Margaret Deborah LeGrand
F, b. 29 May 1835, d. 25 August 1867
Margaret Deborah LeGrand|b. 29 May 1835\nd. 25 Aug 1867|p2064.htm|William Chambers LeGrand|b. 16 May 1803\nd. 4 May 1841|p227.htm|Jane Green Paul|b. 6 Jan 1811\nd. 8 May 1843|p228.htm|John LeGrand|b. c 1770\nd. 21 Jan 1816|p233.htm|Margaret Chambers|b. c 1780\nd. c 1845|p234.htm|Andrew Paul|b. c Dec 1764\nd. c 1837|p230.htm|Deborah McRee|b. 16 May 1774\nd. 21 Sep 1822|p231.htm|
Margaret Deborah LeGrand Weaver, 1835-1867
- Father: William Chambers LeGrand b. 16 May 1803, d. 4 May 1841
- Mother: Jane Green Paul b. 6 January 1811, d. 8 May 1843
- Margaret Deborah LeGrand was born on 29 May 1835 in North Carolina.
- William Chambers LeGrand and Jane Green Paul appeared in the US federal census of 1 June 1840 in Macon County, Alabama. Other (counted but unnamed) members of the household apparently included Margaret Deborah LeGrand, Mary Jane LeGrand, Milton Paul LeGrand and Cornelia Anne Elizabeth LeGrand.
- Margaret Deborah LeGrand was raised by Letitia Ann Wood Grigsby McNair, daughter of Ashley Wood, and as her adopted daughter was the sole beneficiary of her estate.
- When the Wood family traveled to Texas by water in 1850, Mary Jane LeGrand Wood and children joined them on the steamer at Selma. It is an educated guess that for some time prior to the relocation she and the children were staying with Letitia Ann McNair (daughter of Green's cousin Ashley Wood) who raised Mary Jane's sister Margaret LeGrand.
- Edward McNair and Letitia Ann Wood appeared in the US federal census of 1 June 1850 in Selma, Dallas County, Alabama. Other members of the household included Margaret Deborah LeGrand. Known as "LeGrand," Margaret is identified as L. G. McNair. Also in the household were three teachers, apparently boarding.
- Mary Wood Mitchell wrote on 5 October 1852, in a letter to her niece Lizzie Green Wood Powell, "I got a letter from [Dr McNair] the day I received your,s. he said Latitia had no ease, only when lulled by opiates. Her sister is with her. every thing is done for her comfort that can posibly be done. The Dr says he takes her to ride as often as she can bear it. I think they don't expect She can live long. The leaders of her arm were cut when the opperation was performed but she could use it at first and imbroiderd or trimd a dress for Lagrand which inflamed the arm & swelled it very much. She has been suffering with that arm more than any thing else. Dr Mc N.. would take her any where she wishd. He received your letter recommending Dr Newton but she cant bear the trip. It grieved me that I cant go to see her. My children think it would lay me up. I insisted on L,s spending this summer with me but could not get her to do so. I now think there is no probability of our meeting until we meet in Heaven."
- She married LeRoy Gardner Weaver, son of Philip J. Weaver, on 26 October 1852 in Selma, Dallas County, Alabama, with Wm H. Platt, Rector of St. Paul's Protestant Episcopal Church, officiating. The following is recorded in the marriage book: I hereby certify that in the evening of the 26th inst. I joined together in matrimony according to the office of the Protestant Episcopal Church the parties named and designated in the within marriage license, say designated because the Ladies Real name was Margaret LeGrand and by that name was married, McNair being a name added by the claims of friendship and adopting her. (Signed) Wm H Platt, Rector..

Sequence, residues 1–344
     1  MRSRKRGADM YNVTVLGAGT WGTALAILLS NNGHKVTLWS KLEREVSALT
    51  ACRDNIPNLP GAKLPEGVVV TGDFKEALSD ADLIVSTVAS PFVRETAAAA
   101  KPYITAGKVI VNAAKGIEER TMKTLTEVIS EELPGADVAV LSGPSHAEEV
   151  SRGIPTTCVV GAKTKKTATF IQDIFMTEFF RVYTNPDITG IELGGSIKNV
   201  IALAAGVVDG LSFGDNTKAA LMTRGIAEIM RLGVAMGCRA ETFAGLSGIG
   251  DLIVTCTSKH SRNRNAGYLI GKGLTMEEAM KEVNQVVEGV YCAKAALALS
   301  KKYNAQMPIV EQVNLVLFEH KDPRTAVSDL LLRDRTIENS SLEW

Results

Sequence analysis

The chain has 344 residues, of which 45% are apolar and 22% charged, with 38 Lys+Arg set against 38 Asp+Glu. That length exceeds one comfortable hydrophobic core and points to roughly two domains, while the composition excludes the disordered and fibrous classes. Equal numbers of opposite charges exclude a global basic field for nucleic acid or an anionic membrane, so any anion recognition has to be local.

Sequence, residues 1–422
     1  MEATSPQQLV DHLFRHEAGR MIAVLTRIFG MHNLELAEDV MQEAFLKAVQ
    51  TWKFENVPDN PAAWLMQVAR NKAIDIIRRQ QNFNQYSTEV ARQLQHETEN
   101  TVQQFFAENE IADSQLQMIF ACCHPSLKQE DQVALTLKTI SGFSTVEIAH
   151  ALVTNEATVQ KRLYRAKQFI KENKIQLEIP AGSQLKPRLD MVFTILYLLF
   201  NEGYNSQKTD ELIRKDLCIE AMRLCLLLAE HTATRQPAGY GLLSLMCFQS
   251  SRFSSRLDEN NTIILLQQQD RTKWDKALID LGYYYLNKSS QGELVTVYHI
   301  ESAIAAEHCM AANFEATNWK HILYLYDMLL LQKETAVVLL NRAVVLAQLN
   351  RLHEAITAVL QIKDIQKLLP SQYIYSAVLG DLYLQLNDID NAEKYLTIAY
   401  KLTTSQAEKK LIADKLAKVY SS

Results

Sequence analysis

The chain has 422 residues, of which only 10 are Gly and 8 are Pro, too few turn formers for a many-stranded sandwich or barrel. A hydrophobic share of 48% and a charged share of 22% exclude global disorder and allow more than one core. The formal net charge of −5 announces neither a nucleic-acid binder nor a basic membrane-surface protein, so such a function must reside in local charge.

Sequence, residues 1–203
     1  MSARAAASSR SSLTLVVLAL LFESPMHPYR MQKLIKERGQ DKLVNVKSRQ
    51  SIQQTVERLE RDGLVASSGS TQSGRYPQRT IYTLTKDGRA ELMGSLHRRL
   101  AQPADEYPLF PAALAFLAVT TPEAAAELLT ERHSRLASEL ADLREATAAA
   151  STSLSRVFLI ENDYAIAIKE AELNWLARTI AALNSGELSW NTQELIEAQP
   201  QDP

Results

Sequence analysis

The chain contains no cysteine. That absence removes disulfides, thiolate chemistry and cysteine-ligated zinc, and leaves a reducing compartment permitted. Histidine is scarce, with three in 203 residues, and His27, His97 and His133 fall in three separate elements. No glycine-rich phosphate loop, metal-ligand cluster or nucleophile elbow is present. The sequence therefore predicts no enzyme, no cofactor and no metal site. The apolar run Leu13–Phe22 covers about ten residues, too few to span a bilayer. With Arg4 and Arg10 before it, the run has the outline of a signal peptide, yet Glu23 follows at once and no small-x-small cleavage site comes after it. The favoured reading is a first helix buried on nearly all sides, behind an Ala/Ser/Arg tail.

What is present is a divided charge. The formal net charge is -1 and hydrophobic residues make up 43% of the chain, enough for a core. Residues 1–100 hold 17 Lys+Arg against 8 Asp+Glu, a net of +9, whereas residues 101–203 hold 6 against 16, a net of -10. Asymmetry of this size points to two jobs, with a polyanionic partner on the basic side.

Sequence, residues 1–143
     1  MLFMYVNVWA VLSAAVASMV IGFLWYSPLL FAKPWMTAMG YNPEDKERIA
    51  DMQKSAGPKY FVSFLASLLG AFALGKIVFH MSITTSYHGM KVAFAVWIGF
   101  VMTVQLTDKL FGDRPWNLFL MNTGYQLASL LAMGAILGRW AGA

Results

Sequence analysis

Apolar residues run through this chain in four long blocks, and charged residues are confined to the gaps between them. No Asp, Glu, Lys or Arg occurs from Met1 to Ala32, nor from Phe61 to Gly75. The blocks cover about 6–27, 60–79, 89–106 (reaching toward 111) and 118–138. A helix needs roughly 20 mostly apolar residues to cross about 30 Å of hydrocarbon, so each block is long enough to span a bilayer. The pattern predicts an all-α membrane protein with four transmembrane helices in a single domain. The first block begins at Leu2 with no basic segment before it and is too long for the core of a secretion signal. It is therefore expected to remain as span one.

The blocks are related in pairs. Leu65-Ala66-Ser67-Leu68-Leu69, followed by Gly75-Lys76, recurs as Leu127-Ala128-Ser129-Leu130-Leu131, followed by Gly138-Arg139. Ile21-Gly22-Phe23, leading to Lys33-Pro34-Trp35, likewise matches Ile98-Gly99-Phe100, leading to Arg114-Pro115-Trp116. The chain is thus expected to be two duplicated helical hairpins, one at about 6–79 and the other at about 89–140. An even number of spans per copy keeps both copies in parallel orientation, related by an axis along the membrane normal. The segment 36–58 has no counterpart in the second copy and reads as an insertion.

- Upon the grave marker of Capt. Charles George Rush in the Rush Family Cemetery in Macon County, Alabama, who died on 9 December 1857, is written: "Here lies C. G. Rush, The orphans friend, and we the children of W. C. and J. G. Legrand are numbered with the many for whom he cared. He is gone but his memory will ever be cherished by the orphans."
- In a letter to her uncle John Brown LeGrand on 31 January 1859, Mary Jane LeGrand Wood
wrote: ". . . Pa & Ma you know left 5 children, 4 girls and one son. They are all married and doing well except the youngest. She is now grown, 18 years old this month, she only came out as a young lady this winter, has been going to school all the time. Mrs Gindrat the lady that raised her has no children of her own, she treats Willie as though she was her own child. She has had every advantage. The rest have all had the same good luck. I have seen none of them since we moved to Texas 9 years ago. Willie is comming to see me this spring, Mrs Gindrat speaks of coming with her. Happy will be the time when we meet. Brother Milton deserves a great deal of credit. He went out to make a living for himself at 16 years of age. He now owns part of a large drug establishment in Montgomery Ala, his father-in-law and himself are in partnership. Brother is a very steady hard working man, attends very closely to his business. He has only one child, a little girl. Sister Margaret married a Mr Weaver, she has three little daughters. Sister Cornelia married Dr Johnston, a dentist. She has a little boy only a few months old. They are both living in Selma Ala. We all correspond. . . ."
- LeRoy Gardner Weaver and Margaret Deborah LeGrand appeared in the US federal census of 1 June 1860 in Selma, Dallas County, Alabama. Other members of the household included Mary LeGrand Weaver, Natalie Weaver, Lilly LeGrand Weaver and Eugenia LeGrand Weaver. L. G. Weaver appears in the 1860 Slave Schedule with 5 slaves and 0 slave houses.
- Margaret Deborah LeGrand died on 25 August 1867 at age 32.
- Her husband LeRoy Gardner Weaver became a widower at her death.
- She was buried at Old Live Oak Cemetery in Selma, Dallas County, Alabama.
- Last Edited: 16 May 2013
Family: LeRoy Gardner Weaver b. circa 1824, d. 21 March 1895